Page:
There is a few guides that  give you directions on how to add the proprietary firmware to the installer image, and after about 5 reflashes I finally had one that worked.

Before starting the installation, I checked around for known installation errors. The installation takes about 5 hours, so you really want to get i right the first time.

I learned that others had experienced out of memory errors during the installation. Though luck.

To the rescue came Martin Michlmayr. He has the answer to all my quarrels; a compiled guide, with a complete Debian 6 userspace and kernel. This saved me a lot of time.

 Install and configure Motion

You can install motion by

apt-get install motion

as root or via sudo.

On Debian (Squeeze in my case), Motion is disabled by default – as many other services. Enable it, as mentioned in the notice:

Not starting motion daemon, disabled via /etc/default/motion ... (warning).

Setting the value start_motion_daemon to yes in /etc/default/motion as such:



The trick to disable motion detection in Motion, is to set the threshold to 0 in the config file:

threshold 0

Enabling time-lapse by setting the following in /etc/motion/motion.conf:

# Use ffmpeg to encode a timelapse movie
# Default value 0 = off - else save frame every Nth second
ffmpeg_timelapse 10

In this case, I take a pictures every ten seconds.

You should also adjust the width and height parameters, and the target_dir.

You can also get a copy of my preconfigured motion.conf by running the following set of commands

/etc/init.d/motion stop
mv /etc/motion/motion.conf /etc/motion/motion.conf.orig
wget -O /etc/motion/motion.conf
mkdir /home/motion
chown motion:motion /home/motion
chown root:motion /etc/motion/motion.conf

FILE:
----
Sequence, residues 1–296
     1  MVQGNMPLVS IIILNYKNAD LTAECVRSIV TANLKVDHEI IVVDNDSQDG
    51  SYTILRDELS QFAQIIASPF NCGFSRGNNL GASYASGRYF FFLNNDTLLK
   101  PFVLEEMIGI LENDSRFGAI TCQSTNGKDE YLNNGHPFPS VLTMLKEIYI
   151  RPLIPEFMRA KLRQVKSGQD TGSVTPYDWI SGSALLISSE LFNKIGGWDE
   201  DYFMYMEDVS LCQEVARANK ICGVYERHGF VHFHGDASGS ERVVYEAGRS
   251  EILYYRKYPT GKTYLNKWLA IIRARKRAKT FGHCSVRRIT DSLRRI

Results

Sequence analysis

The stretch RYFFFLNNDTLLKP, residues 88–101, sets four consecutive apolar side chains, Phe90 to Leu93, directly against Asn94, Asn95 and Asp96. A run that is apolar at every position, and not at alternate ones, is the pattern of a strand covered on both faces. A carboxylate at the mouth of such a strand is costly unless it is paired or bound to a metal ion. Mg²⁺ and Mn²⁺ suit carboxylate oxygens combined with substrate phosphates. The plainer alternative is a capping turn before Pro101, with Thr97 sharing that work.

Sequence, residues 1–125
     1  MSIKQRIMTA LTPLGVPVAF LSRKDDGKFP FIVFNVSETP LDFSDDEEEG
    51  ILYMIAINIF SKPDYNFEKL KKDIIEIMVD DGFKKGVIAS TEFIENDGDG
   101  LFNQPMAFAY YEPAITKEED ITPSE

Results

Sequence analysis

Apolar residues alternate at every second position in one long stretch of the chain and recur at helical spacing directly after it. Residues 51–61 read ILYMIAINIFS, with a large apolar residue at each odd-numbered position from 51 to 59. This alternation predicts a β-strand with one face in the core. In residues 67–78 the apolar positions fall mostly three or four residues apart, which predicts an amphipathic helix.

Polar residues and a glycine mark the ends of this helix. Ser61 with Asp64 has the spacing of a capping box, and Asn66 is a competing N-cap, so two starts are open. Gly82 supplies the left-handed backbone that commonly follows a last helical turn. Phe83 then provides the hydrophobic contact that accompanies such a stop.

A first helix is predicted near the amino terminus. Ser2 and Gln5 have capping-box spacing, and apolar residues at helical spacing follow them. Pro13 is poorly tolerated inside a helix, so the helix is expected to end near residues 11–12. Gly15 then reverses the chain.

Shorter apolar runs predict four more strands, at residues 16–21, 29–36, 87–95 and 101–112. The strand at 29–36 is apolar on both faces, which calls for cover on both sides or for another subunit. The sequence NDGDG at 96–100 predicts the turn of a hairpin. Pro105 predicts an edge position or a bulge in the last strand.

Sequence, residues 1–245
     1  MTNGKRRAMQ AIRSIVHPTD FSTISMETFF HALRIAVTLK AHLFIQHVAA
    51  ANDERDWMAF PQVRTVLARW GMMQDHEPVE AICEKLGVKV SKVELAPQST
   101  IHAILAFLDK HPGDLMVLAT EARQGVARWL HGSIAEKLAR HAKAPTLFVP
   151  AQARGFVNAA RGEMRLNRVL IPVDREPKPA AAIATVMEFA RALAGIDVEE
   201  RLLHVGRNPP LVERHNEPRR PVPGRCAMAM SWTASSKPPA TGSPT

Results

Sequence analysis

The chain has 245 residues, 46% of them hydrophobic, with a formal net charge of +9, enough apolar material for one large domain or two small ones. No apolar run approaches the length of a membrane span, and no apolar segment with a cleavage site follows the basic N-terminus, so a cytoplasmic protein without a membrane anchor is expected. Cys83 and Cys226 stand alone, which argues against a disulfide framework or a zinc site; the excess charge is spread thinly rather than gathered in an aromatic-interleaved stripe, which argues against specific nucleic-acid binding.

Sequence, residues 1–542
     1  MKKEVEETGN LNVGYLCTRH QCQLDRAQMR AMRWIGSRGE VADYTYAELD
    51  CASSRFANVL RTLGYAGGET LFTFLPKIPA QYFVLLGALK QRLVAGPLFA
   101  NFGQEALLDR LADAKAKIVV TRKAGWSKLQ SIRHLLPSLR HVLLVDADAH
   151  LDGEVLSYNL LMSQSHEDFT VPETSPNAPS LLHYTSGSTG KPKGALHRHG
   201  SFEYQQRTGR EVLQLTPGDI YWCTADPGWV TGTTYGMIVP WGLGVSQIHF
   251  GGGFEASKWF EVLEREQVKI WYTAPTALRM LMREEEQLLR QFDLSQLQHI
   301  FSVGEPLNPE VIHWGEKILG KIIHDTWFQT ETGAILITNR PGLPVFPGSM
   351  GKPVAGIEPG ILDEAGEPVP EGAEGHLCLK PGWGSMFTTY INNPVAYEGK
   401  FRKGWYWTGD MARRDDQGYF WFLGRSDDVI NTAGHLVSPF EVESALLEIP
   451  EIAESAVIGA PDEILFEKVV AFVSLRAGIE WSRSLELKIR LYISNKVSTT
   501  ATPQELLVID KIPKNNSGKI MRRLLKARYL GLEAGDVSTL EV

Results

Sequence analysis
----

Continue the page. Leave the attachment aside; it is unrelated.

chmod g+r /etc/motion/motion.conf
/etc/init.d/motion start

An example can be seen here:

ZFS drive replacement

This is a post about the robustness of zfs, and can serve as a mini how-to for people who wants to replace disks and do not have hot spare in the system.


Last Monday, our local area was hit by a tremendous rainfall which caused our basement to be flooded. You can see the pictures of the flood  here. Sorry about the quality. The primary objective was to savage various floating hardware :-\

Wet hardware is also the reason fort this post. Upon entering the basement I remembered my fileserver that was standing on the floor and quickly (and heroically) dashed to its rescue.

Unfortunately the server had already taken in quite a lot of water and three of its four raid-z (raid5) disks were already ankle deep in water.

I did not manage to take any pictures at the time, but took some today in order to illustrate where the waterline was.


This is the inside of the case side. If you look carefully, you can see the traces after the water.

My crude drawing skills was put to the test in order to create this.

An approximation of the waterlevel

Needless to say, I was quite worried about the state of my data. I quickly removed the power plug and rushed the computer off to dry land (the living room) where a brave team consisting of my girlfriend and son; started drying the disk components after I had disassembled them – well, removed the circuit board at least.